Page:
Are there any benefits to riding bike?
Sponsored by the League of American Bicyclists, May is National Bike Month and is an opportunity to celebrate the many reasons that people choose to ride. For some, bicycles represent their primary means of transportation. Many people ride bikes as a means to health and fitness. Others yet find pleasure and perspective from a bicycle saddle as they ride along a bike trail. Of the many reasons for bicycling, I find that three in particular stand out—health benefits, economic savings, and environmental advantages.
Health Benefits: The health benefits of regular cycling include:
- Increased cardiorespiratory fitness – The increases in heart and respiratory rate produced by cycling will improve your overall fitness level. While many people choose bicycling as their primary means of exercise, time spent on a bicycle commuting can result in improvement in fitness also. The U.S. Department of Health and Human Services has determined that biking for transportation can count toward the minimum 150 minutes/week of moderate-intensity aerobic activity recommended for physical health.
- Reduction in heart disease risk – By now, everyone is aware that exercise can reduce the risk of heart attack. Cycling can help strengthen the heart muscles, reduce blood pressure and improve blood fat levels, all of which lower the risk for heart attack. One study found that increasing biking and walking from 4 to 24 minutes a day would reduce cardiovascular disease by 14%.
- Decreased body fat levels – Cycling raises the metabolic rate and burns body fat. Steady cycling burns about 300 calories per hour. Over the course of a year, a half-hour bike ride every day will burn over 10 pounds of fat. Studies show that school-aged children who bike or walk to school have a lower percentage of body fat and are more likely to remain at a healthy weight than those who are driven or take the bus.
- Reduction of risk for developing diabetes – Research in Finland found that people who cycled for more than 30 minutes per day had a 40 per cent lower risk of developing diabetes.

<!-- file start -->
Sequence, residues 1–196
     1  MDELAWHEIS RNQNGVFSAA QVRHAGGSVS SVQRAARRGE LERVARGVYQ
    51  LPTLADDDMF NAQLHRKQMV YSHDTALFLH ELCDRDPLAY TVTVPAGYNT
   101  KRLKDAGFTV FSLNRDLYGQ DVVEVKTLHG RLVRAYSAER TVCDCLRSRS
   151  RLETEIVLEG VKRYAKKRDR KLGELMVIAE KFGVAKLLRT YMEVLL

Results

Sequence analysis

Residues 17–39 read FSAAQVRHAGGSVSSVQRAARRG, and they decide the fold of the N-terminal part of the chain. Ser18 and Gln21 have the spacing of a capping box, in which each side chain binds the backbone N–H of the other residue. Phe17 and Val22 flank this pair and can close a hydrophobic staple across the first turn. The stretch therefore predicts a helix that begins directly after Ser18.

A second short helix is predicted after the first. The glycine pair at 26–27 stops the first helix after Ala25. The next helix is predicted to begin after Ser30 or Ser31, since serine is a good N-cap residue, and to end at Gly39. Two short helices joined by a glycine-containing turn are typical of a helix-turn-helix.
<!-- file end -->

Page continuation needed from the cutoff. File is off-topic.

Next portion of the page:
- Improved mental health – Regular exercise, including bicycling, has been shown to reduce stress and depression and improve our sense of well-being. Many people find that cycling serves as an escape to the stresses of everyday life. According to surveys performed by the Transportation Research Board, bike commuters report lower stress and greater feelings of freedom, relaxation, and excitement than car commuters.
Environmental Advantages: Motor vehicles consume the majority of oil used in the U.S. Along with fuel consumption comes the serious problems of carbon dioxide accumulation in the atmosphere and the potential for permanent climate change. It is sobering to realize that for a 10 mile round trip commute in a mid-size care averaging 20 mile per gallon, 1.3 tons of carbon dioxide are released into the environment over the course of a year. The potential for improvements in air quality with widespread bicycling commuting is dramatic. The same can be said of bicycling for exercise instead of the use of fossil fuel powered vehicles.
This not only provides health benefits to the rider but is better for the environment as well. For those concerned about the effects of breathing exhaust while riding a bicycle, a study performed in the Netherlands considered the risks and benefits of bicycling rather than driving for short trips on a daily basis. They estimated that the benefits of increased physical activity from bicycling (3 to 14 months gained) outweigh the effects of increased inhaled air pollution (0.8 to 40 days lost) and increased traffic accidents (5 to 9 days lost).
Economic Savings: With over half of the working population of the U.S. living within 5 miles of their workplace, bicycling becomes a realistic way of getting to work. In fact, it has been reported that from 2000 to 2011, the number of bicycle commuters in the U.S. grew by more than 47 percent. The League of American Bicyclists estimated that in 2012, bicycle commuters in the U.S. saved more than $4.6 billion over their car driving counterparts. Savings for the bicycle commuter comes from a variety of sources including parking fees, fuel costs, car maintenance expenses, and public transportation fares. Businesses benefit also in that cyclists take fewer days off work for illness than non-cyclists. Add to that the savings from treatment of chronic illnesses that bicycling could help prevent, and the economic benefits of bicycling are astonishing.
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